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Heart of Stone

Review

Series : Deep Space Nine Rating : 4
Disc No : 3.4 Episode : 59
First Aired : 6 Feb 1995 Stardate : 48521.5
Director : Alexander Singer Year : 2371
Writers : Ira Steven Behr, Robert Hewitt Wolfe Season : 3
Guest Cast :
Aron Eisenberg as Nog Max Grodenchik as Rom
Moral :
Loyalties : You really find out where your loyalties lie when the one you love is in trouble.
YATI : So, both Kira and the "crystal" engulfing her are actually the Founder. Which means that when she shot the crystal with her phaser, she was shooting herself. Yet in "Crossover", we see that a single shot from a Bajoran phaser is enough to blow Odo into little itty bitty bits. And later on we will learn that even a low level phaser shot is painful enough that it makes a Founder lose whatever shape they are in. So how can the Founder shoot herself?
Great Moment : Odo working out that it's not Kira because she told him she loved him - which Kira doesn't. The easiest lie to sell is the one the person wants to believe. Given his feelings for Kira, Odo must have wanted to believe this one very much indeed. Yet he's self aware enough that he doesn't. It's a great moment for his character.
Body Count : Zero
Factoid : Actors, producers, and director were all displeased with the look of the 'rock', commenting that no matter what they did it looked unrealistic. Nana Visitor even compared it to being stuck in 'a big old hot fudge sundae, and my head was the cherry on top!' In her case, matters were not helped by the fact that she suffers from claustrophobia.

O'Brien's enjoyment of kayaking is stated as something he has been doing since he served on the Enterprise-D. This is a reference to TNG's "Transfigurations", in which O'Brien's fondness for kayaking is established (along with his tendency to get injured doing it on the holodeck).

This episode reveals the origin of Odo's name - when first discovered by Doctor Mora his sample container was labelled as "Unknown Sample". This was translated into Cardassian as Odo'ital, which literally means "nothing". The scientists then broke that word into two, calling him Odo Ital in the style of a Bajoran name. This was then shortened to Odo.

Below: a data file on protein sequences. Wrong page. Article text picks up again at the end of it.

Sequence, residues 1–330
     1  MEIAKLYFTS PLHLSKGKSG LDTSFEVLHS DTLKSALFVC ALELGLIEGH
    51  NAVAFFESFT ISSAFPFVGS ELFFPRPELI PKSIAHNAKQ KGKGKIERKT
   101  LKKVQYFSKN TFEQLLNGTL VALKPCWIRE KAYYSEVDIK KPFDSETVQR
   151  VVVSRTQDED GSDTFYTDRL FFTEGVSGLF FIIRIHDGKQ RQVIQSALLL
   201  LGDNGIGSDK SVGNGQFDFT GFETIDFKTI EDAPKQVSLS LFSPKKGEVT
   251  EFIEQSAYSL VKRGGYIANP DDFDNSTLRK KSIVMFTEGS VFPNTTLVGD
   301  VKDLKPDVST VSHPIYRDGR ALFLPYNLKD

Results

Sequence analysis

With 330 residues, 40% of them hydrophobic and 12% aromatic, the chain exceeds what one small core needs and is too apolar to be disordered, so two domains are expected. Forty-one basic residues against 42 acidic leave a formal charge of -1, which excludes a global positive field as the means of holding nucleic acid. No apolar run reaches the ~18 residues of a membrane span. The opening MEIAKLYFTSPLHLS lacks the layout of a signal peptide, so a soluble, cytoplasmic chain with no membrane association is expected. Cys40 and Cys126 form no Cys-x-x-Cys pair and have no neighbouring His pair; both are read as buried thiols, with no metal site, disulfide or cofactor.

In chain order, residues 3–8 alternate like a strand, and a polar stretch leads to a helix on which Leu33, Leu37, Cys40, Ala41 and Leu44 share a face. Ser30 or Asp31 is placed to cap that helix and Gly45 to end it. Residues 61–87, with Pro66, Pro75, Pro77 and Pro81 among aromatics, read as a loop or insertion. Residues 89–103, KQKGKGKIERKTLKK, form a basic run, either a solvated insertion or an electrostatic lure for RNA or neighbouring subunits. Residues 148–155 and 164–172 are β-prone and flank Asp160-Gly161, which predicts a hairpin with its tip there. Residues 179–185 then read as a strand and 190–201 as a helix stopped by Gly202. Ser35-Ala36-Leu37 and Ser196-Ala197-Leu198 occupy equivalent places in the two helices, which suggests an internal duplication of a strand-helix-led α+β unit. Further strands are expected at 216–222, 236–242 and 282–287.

The plot of this episode was loosely based on the 1964 novel "Sometimes a Great Notion". In the book, a man's leg is trapped underneath a log as the surrounding water level slowly rises.

Salome Jens, who plays the Female Shapeshifter, agreed not to be credited at the beginning of the episode, so as not to spoil the twist at the end.

Aron Eisenberg considers the scene where he confesses his true reasons for wanting to join Starfleet to Commander Sisko to be the best piece of acting he ever did on Deep Space Nine. He enthuses about the chance to do such an emotional scene with Avery Brooks, whom he regards very highly.

Whilst we knew that non-Federation citizens could join Starfleet before, this episode establishes that to do so, a potential Cadet must have a letter of recommendation from a command-grade serving officer.

When Odo threatens the Female Shapeshifter with Kira's phaser, it marks the first time in the series that he ever picks up a weapon.

Plotline

When Kira and Odo chase a Maquis operative to a desolate planet, they quickly lose him in a network of caves. When Kiras foot becomes trapped in a crystal of some sort, they assume that it will be simple to free her - but all their efforts fail, and the crystal gradually engulfs Kira. Is this the end for the love of Odo's life?
Copyright Graham Kennedy Page views : 14,019 Last updated : 19 Jan 2017